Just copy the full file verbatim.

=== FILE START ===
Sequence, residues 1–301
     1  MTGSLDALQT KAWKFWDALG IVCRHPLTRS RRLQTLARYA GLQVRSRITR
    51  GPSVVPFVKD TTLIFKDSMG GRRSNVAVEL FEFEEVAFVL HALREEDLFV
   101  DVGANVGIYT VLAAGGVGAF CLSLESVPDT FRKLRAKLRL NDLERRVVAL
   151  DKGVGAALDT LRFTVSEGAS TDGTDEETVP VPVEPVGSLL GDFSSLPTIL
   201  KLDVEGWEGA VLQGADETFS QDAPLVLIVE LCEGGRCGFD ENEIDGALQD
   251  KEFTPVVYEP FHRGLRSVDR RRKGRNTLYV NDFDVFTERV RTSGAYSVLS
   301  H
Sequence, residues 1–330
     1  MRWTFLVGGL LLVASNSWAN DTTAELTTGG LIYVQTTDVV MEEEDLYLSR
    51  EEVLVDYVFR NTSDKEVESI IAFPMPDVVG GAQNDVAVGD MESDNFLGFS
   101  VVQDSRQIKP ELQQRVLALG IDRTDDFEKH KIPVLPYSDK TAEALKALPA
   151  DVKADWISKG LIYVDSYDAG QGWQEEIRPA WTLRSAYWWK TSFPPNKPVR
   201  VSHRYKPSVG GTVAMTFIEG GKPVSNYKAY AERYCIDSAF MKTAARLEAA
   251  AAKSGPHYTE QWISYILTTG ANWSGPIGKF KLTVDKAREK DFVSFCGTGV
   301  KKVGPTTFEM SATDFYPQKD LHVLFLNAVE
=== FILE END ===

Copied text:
Sequence, residues 1–301
     1  MTGSLDALQT KAWKFWDALG IVCRHPLTRS RRLQTLARYA GLQVRSRITR
    51  GPSVVPFVKD TTLIFKDSMG GRRSNVAVEL FEFEEVAFVL HALREEDLFV
   101  DVGANVGIYT VLAAGGVGAF CLSLESVPDT FRKLRAKLRL NDLERRVVAL
   151  DKGVGAALDT LRFTVSEGAS TDGTDEETVP VPVEPVGSLL GDFSSLPTIL
   201  KLDVEGWEGA VLQGADETFS QDAPLVLIVE LCEGGRCGFD ENEIDGALQD
   251  KEFTPVVYEP FHRGLRSVDR RRKGRNTLYV NDFDVFTERV RTSGAYSVLS
   301  H
Sequence, residues 1–330
     1  MRWTFLVGGL LLVASNSWAN DTTAELTTGG LIYVQTTDVV MEEEDLYLSR
    51  EEVLVDYVFR NTSDKEVESI IAFPMPDVVG GAQNDVAVGD MESDNFLGFS
   101  VVQDSRQIKP ELQQRVLALG IDRTDDFEKH KIPVLPYSDK TAEALKALPA
   151  DVKADWISKG LIYVDSYDAG QGWQEEIRPA WTLRSAYWWK TSFPPNKPVR
   201  VSHRYKPSVG GTVAMTFIEG GKPVSNYKAY AERYCIDSAF MKTAARLEAA
   251  AAKSGPHYTE QWISYILTTG ANWSGPIGKF KLTVDKAREK DFVSFCGTGV
   301  KKVGPTTFEM SATDFYPQKD LHVLFLNAVE